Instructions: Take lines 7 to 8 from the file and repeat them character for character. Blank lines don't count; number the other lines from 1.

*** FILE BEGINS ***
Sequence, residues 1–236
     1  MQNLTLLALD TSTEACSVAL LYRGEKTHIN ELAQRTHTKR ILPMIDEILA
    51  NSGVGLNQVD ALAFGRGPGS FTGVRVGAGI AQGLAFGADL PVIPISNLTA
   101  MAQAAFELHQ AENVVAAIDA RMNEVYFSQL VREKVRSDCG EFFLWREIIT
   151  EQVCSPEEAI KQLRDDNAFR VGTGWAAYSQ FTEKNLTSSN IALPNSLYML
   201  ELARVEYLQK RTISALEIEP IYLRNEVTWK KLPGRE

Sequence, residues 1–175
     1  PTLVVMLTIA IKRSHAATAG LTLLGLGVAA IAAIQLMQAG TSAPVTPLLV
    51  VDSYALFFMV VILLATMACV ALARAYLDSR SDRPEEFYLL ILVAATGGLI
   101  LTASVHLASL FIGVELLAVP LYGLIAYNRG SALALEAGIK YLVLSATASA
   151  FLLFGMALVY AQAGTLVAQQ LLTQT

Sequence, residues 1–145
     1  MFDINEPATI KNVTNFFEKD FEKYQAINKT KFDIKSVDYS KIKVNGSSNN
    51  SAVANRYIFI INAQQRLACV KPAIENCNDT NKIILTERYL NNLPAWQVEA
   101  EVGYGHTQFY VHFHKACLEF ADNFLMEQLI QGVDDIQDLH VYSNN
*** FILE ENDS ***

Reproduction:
Sequence, residues 1–175
     1  PTLVVMLTIA IKRSHAATAG LTLLGLGVAA IAAIQLMQAG TSAPVTPLLV